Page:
The Chicago Public Schools system has seen significant improvements in freshmen on track and high school graduation rates. CPS has also closed dozens of schools, used fiscal 2016 revenue to balance its 2015 budget and faces a roughly $700 million pension payment in 2016. Please give us your assessment of the academic and financial performance of the city's public schools. What is the key to improving public education in the city? Should members of the Board of Education be elected by the public or continue to be appointed by the mayor? Do you support the longer school day and year? Should CPS expand or reduce the number of charter schools? How should CPS close its significant budget gap?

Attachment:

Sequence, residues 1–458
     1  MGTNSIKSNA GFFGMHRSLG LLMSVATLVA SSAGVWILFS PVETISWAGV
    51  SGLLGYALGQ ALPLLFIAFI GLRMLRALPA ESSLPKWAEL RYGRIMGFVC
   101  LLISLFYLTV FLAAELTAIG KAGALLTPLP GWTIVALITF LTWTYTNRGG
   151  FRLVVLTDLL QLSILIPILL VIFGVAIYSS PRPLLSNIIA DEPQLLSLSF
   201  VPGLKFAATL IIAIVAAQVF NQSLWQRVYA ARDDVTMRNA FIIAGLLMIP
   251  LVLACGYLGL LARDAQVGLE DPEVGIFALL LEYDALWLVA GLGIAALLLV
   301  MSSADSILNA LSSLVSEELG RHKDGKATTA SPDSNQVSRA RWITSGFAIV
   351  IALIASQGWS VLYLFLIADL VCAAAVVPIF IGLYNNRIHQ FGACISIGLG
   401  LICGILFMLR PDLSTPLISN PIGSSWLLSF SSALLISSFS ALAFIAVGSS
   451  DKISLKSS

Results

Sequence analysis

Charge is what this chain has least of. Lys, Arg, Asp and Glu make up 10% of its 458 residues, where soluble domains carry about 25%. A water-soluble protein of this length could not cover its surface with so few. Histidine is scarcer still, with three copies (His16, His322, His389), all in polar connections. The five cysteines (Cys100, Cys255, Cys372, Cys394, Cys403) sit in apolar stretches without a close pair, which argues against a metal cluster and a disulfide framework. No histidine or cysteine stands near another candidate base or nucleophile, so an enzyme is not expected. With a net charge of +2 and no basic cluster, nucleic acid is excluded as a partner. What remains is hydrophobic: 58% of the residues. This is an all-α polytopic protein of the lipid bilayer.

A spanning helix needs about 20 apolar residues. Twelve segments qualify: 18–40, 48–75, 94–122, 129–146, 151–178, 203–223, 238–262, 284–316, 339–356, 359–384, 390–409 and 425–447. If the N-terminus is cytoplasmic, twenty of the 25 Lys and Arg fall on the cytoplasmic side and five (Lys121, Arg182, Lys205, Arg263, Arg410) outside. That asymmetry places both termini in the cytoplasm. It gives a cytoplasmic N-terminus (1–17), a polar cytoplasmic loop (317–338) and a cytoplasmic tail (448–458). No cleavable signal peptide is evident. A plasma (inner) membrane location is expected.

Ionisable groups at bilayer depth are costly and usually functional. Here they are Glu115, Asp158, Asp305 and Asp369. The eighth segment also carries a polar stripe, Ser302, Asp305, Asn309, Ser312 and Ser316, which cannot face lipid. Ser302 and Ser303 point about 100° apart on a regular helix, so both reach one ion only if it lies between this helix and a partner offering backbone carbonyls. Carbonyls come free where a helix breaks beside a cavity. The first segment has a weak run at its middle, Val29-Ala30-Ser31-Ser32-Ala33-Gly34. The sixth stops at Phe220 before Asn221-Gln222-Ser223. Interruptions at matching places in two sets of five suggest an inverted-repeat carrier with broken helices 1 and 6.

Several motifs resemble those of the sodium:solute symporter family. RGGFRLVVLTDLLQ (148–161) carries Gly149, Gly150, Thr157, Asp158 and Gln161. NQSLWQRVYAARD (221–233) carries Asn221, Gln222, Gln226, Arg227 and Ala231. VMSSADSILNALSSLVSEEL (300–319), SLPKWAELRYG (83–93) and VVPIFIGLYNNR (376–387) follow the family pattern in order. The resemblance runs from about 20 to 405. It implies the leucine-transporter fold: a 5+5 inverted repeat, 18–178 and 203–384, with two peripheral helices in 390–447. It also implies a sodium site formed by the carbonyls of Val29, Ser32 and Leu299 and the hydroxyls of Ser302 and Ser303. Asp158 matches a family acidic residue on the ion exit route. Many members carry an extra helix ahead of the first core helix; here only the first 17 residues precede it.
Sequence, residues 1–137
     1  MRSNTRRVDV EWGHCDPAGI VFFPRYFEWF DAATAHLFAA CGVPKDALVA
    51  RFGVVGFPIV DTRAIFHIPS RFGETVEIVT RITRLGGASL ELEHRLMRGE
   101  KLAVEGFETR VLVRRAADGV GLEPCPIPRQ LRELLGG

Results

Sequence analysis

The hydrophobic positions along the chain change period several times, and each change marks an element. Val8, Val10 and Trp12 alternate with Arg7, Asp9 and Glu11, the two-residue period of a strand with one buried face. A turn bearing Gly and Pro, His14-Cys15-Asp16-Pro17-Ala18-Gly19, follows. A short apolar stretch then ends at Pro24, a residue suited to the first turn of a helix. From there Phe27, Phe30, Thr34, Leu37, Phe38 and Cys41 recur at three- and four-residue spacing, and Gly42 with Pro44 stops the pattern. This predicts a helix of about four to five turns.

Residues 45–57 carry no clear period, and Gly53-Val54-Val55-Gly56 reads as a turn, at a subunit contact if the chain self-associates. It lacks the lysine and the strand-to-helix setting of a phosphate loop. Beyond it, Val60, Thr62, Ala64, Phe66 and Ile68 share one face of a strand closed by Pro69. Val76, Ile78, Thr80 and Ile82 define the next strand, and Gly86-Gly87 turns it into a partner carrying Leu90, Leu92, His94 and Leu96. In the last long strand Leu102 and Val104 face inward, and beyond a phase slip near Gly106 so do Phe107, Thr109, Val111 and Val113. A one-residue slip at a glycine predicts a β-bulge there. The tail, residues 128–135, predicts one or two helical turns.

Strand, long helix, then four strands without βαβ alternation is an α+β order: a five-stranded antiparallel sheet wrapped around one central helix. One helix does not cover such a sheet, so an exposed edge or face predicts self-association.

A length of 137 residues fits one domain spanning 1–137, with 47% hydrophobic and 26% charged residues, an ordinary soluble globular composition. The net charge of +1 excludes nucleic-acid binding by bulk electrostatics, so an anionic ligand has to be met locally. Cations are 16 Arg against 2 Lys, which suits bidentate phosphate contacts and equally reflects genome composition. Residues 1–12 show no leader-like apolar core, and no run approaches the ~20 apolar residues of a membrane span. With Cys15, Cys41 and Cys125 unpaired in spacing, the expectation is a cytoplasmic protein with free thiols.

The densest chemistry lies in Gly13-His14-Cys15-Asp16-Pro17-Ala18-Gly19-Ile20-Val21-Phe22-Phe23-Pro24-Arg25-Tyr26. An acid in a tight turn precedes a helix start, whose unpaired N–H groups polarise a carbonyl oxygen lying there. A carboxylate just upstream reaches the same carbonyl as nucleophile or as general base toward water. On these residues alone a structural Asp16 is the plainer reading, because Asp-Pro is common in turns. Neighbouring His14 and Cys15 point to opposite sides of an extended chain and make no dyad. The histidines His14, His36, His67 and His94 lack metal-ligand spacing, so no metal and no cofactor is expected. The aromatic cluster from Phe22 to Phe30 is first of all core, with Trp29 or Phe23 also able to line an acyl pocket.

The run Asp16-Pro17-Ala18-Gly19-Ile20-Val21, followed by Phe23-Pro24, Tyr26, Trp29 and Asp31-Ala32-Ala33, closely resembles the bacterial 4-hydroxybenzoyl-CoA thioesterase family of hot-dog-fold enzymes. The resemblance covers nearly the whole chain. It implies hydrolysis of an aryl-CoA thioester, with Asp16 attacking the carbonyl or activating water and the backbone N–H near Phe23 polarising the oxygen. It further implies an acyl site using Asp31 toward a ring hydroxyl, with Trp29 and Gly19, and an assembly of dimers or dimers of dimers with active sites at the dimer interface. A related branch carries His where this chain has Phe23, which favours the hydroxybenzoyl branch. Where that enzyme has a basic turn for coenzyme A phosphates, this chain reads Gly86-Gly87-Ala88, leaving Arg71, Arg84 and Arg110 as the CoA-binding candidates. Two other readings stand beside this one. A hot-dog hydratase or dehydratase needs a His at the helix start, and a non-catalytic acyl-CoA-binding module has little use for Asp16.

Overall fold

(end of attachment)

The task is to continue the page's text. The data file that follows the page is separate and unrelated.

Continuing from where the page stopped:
While the Chicago Public Schools have never been stronger, there remains much work to do. Graduation rates, attendance and test scores are all at record highs, but we should not feel satisfied until every student from every neighborhood is guaranteed the same high-quality education. There is a lot to be proud of: after four years of investments and reform, every student has a full school day that will provide a student entering kindergarten nearly 2.5 additional years of instructional time by the time they graduate high school. For the first time, all 30,000 CPS kindergarten students receive a full day of kindergarten and 75% of 3 and 4-year olds below the poverty line have access to quality pre-school options. Investing in our children's future is a top priority and despite budget constraints CPS continues to make significant investments in schools, programs, and facilities that will benefit students in all Chicago neighborhoods across the city. Through $750 million in central office, administrative and operational cuts, we will ensure the funding stays where it belongs – with the students in classrooms. But moving forward we must address the looming budget crisis with a far broader strategy. To start, I continue to work in Springfield to reform the pension system and give Chicago its fair share of education funding. Last year, Springfield passed pension reform for all school districts in Illinois except Chicago. Equally problematic, the state of Illinois budget pays the full pension cost for all school districts other than Chicago. Between these two disparities, Chicago is losing out on hundreds of millions of dollars in financial relief that can directly impact our classrooms. I will continue to work in Springfield to correct these disparities and fight to make sure that Chicago gets its fair share. Charter schools play an important role in providing quality school options to Chicago families. It is important, though, to ensure that charters are held accountable. More than 30 charter school campuses have been approved in the last four years, empowering families with the promise of better school options. At the same time, poor-performing charters have been held accountable for the first time, with two being closed and another 11 placed on a warning list for failing to meet academic standards. One in four top-tier Level 1 high schools are CPS charter high schools. Not including selective enrollment high schools, the top 11 high schools in the city are charter high schools. At 75% of CPS elementary charter schools, students outperform non-charter district schools on the proportion of students meeting or exceeding state standards. I will continue to expand those successful models while holding underperforming charters accountable. I am comfortable with the current responsibilities given to the mayor and the school board. At a time when we're seeing gains across the board, the last thing we need is more politics in our schools. There continues to be significant elected representation at the local level through Local School Councils that approve budgets and principal hiring.